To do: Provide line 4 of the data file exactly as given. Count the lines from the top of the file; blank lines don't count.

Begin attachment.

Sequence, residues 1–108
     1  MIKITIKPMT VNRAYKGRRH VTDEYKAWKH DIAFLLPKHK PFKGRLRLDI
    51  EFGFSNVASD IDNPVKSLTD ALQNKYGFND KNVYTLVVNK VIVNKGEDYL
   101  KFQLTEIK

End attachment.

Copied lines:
   101  KFQLTEIK